I was pushed today to offer some thoughts on the use of video conferencing and initially it was hard to be anything other than cautionary.
I remembered that when I was teaching back into the mid 90’s there was much chatter about the possibilities of video conferencing which then as now was on the surface a very attractive solution to teacher shortages in certain subjects (physics, languages) and accessing specific expertise in Higher Education. There were also good arguments for broadening children’s appreciation of different cultures and ways of living around the world.
A quick Google search found this Becta report from 2004 that concludes â€œVideo conferencing is currently a relatively underused technology in schools, often pursued by a few enthusiasts and with its educational potential across a wider curriculum still to be fully explored.â€ Although now a few years old, I think this is still relevant today.
Possibly things might be changing! With the development of new Internet technologies that use video and voice over internet protocols, iChat being the best one I can think of, the power to video conference is put in the hands of the learner not the control of the teacher. This development might just be the thing to help video conferencing take off, freeing the teacher to focus on enabling opportunities rather than making the technology work and marshalling students from A to B for high investment, high stakes events.
I would argue that is much better for a student to ‘fire up’ iChat (or the equivalent) to network from their laptop computer (not to mention portable devices!) and engage in an authentic learning activity rather than traipse down the corridor to a dedicated room for a pre-determined video conferencing â€˜eventâ€™.
Some reasons for video conferencing not taking off with the old technology:
1. it s a relatively problematic and challenging experience to set up and run successfully â€“ the risk of failure is relatively high:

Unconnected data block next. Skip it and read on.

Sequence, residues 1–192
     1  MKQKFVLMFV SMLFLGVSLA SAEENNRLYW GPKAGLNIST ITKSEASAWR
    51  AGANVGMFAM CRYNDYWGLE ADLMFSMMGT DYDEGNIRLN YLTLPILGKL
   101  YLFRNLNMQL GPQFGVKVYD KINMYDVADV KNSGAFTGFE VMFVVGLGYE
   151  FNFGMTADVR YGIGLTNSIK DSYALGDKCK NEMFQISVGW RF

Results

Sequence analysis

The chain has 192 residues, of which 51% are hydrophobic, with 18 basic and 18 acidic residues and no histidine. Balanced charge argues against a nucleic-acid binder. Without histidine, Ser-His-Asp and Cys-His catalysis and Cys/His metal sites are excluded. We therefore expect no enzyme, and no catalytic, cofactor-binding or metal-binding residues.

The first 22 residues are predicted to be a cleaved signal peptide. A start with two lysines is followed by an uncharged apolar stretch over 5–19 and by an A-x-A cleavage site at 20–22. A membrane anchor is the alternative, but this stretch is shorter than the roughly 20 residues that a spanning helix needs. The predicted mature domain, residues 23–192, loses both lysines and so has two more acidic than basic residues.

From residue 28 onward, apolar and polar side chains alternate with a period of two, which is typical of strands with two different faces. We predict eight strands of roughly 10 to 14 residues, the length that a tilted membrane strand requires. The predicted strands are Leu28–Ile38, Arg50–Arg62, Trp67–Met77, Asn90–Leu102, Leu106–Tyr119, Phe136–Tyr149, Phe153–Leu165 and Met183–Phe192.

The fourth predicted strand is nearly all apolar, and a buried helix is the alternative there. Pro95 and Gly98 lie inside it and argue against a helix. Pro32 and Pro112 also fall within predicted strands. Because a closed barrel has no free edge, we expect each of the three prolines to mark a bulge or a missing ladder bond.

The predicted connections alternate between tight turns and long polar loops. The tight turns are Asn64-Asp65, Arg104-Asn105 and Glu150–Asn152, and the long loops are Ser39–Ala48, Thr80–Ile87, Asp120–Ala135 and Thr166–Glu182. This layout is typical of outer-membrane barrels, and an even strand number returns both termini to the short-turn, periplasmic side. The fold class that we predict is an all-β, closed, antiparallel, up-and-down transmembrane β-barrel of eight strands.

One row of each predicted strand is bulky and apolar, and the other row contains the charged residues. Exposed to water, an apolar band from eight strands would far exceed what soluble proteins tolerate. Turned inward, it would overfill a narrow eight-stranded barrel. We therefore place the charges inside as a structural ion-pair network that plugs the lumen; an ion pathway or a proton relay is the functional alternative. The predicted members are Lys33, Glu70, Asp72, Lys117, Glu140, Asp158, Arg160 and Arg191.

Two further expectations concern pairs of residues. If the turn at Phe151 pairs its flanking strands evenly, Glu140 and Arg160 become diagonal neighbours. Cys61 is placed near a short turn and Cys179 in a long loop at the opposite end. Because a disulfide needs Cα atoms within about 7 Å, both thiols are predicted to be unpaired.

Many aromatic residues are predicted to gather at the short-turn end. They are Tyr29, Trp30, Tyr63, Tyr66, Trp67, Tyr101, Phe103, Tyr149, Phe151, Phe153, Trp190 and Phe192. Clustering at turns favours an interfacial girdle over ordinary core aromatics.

2. much planning effort required if a meaningful learning experience is to be developed â€“ that is not just sitting, smiling, and waving at each otherâ€¦.
3. timetabling and class management can be difficult
4. technological issues are always a risk
Although not a reason for video conferencing not taking off, I would also argue that there are questionable pedagogical implications. The rationale for some video conferencing is that Inbuilt into the assumption that we need to see and listen to an expert because he has something important to tell us – a transmission model of education. I understand that it doesn’t have to be this way, but I think that without care this may be the default mode of video conferencing.
Its amusing to see the way my 16 year old niece makes use of the video facility on MSN chat – its just a normal part of her evening to switch on the web cam and use video as part of her normal communication about the usual things that teenagers discuss after having socialised all day at school! Sometimes this even includes catching up with friends about homework. When schools get around to using video-conferencing, the pupils are likely to wonder what all the fuss is about as they’ve been doing it every evening for at least a year 🙂